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The Magpie Sings the Great Depression:
Selections from DeWitt Clinton High School's Literary Magazine, 1929-1942

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Strange Interview

By Murray Glanzer, '37
The Magpie, June 1939, v. 23, n. 2., p. 27.

MURRAY GLANZER allows his readers to eavesdrop on the conversation of two men who meet again after twenty years. Each has a standard of values which allows him nothing but contempt for his erstwhile friend.

George Laurence Grubley was a fairly successful business man; rather, he was a very successful business man. He had enough money to live with all the comforts he deemed necessary. His children would also have everything—even a college education although he knew that colleges were just wastes of time and money. Grubley had no fears for the future; in fact, he lived a very happy life. He enjoyed his well earned prosperity all the more as he had started with nothing but willing hands and mind (which, as he always said, the young people of today would be better off to possess). He was very tranquil, floating in the calm lake of his existence, but something had happened to him that had caused an itch within his mind.

It happened down on Sixth Avenue. Grubley strolled down those sordid streets to see how the wrecking crews were working. He drew enjoyment out of an expensive Havana cigar as he watched everything with great satisfaction and enjoyment. That was what he liked, industry. The only thing that made an eddy in the philosophic stream of his mind was the 'potbelly,' a tramp had muttered when he had refused the dirty hand a few coins. Of course his form was rather on the stoutish side but he'd rather be well rounded than empty. He repeated that vehemently to himself. That beggar would never have a full stomach because he was too lazy to work—the filthy fool! (It wasn't unemployment, as he'd always said; it was the laziness of those men that caused a depression.)

Then, suddenly, a hand collared him. He was rather scared for a moment. He was heeled around and that hand jerked his into a mighty grasp. In that handshake vibrations ran through his arm and shook his very insides. Grubley gazed in amazement at the grinning face above him.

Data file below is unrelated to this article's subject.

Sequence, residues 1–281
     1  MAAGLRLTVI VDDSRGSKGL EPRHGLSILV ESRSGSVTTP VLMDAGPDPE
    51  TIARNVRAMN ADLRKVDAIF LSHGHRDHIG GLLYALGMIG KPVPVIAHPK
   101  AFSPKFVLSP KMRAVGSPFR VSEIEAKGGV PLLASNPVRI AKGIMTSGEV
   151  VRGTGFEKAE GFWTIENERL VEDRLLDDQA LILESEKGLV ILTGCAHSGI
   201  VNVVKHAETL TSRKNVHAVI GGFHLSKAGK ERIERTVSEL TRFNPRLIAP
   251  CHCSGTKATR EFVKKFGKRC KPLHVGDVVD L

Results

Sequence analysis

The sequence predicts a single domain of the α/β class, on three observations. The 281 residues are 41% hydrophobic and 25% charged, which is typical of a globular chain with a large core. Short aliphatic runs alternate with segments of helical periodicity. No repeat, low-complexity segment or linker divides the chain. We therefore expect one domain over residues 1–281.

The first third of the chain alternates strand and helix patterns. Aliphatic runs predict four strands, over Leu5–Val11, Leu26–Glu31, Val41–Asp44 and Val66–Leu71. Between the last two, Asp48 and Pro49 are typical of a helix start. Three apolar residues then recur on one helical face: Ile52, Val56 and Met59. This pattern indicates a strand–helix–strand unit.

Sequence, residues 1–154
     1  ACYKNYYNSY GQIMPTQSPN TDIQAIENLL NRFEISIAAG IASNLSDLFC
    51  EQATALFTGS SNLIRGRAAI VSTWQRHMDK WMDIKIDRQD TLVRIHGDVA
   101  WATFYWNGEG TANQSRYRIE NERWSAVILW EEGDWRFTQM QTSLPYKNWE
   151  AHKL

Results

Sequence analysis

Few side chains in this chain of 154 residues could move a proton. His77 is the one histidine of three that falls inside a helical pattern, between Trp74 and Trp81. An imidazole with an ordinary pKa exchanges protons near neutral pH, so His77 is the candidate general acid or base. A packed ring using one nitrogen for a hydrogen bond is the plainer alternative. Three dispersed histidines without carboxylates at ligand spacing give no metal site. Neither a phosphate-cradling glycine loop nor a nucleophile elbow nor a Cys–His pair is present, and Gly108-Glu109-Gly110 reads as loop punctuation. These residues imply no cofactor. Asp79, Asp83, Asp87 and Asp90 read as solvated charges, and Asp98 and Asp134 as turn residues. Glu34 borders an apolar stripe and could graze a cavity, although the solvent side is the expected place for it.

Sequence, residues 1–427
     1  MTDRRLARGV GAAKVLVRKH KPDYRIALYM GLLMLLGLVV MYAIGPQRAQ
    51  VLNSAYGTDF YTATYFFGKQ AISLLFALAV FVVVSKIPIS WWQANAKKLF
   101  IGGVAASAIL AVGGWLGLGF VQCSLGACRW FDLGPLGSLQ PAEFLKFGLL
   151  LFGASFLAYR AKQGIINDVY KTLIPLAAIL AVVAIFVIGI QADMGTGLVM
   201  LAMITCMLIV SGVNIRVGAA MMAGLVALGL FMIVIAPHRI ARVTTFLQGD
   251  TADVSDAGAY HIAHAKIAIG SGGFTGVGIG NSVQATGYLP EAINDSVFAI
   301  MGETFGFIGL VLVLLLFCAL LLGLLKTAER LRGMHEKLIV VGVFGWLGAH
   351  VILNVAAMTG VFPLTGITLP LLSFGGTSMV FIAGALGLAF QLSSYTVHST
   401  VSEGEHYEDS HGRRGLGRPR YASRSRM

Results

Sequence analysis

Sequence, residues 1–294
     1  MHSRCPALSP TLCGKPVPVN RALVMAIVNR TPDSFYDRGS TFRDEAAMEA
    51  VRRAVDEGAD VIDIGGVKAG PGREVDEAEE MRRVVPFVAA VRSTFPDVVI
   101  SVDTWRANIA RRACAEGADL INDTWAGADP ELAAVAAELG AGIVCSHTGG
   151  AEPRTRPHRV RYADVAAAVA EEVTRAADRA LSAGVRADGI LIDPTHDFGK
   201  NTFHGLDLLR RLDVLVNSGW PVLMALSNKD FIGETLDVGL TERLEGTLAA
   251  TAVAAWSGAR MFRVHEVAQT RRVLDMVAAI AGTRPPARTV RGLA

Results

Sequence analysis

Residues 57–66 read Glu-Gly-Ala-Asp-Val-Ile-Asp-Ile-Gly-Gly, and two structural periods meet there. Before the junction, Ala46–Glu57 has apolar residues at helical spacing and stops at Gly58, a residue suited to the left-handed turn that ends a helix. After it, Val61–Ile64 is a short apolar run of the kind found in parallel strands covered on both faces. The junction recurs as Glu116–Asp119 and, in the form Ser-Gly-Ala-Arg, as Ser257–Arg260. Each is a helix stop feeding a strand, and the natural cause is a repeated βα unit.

It was a great broad head topped by unkempt, shaggy hair. The skin was taut and tan. The only thing that saved it from looking like a common laborer's face was the pair of leonine eyes. Grubley kept surveying him. The fellow had a lank form that was rather admirable. He was a bit round shouldered (but that means nothing as lots of business men Grubley knew were round shouldered). However, Grubley detected that he was not a success because of his clothes. You can always tell a man by his clothes. But why had the fool grabbed him? Could he know him?

The giant began to question Grubley very familiarly; he even knew his first name. How? Who was he? Grubley answered all his queries being very tactful to avoid showing that he didn't recognize him. He felt rather uncomfortable. Then the queer chap smiled quietly as he saw Grubley blunder. He laughed:

"I see you don't remember me. Ha, ha." That rolling laugh was very irritating. It irked Grubley.

"Well you see—I—can't place you—I—I—" Grubley thought he was acting like a fine fool.

"Ha, ha, Georgie, you don't know your old friends in the anesthesia of prosperity, eh?" The entire scene seemed ridiculous. He continued, "Don't you remember me? Vic, Victor Cabell, You know me. I went to elementary and high school with you." He grinned triumphantly and conclusively.

A lump of memories about him dropped into Grubley's mind. He stared at him again. The savage looking man seemed very little like the reckless kid he had known, but, yes, he was. There was that same bravado in his smile. Ah yes, Victor Cabell—he had been the leader and rebel of the school. Grubley had admired then the way he alone fought for his rights. Now, however, he saw that incorrigibility in a different light. Years had taught Grubley that it was all right to fight with those of your own level but with your betters—! But he had been brave to do that Grubley had to admit.

Cabell had gone to college; G. L. Grubley had entered the great world of business. As the latter looked at the careless mends in the former's clothes, he saw further proof that his way was better.

They discussed incidents of the old days together while they both laughed. Then, remembering himself, Grubley checked himself from that open display of silliness. But Cabell had plans for both of them so he grasped Grubley's elbow and piloted him down the street.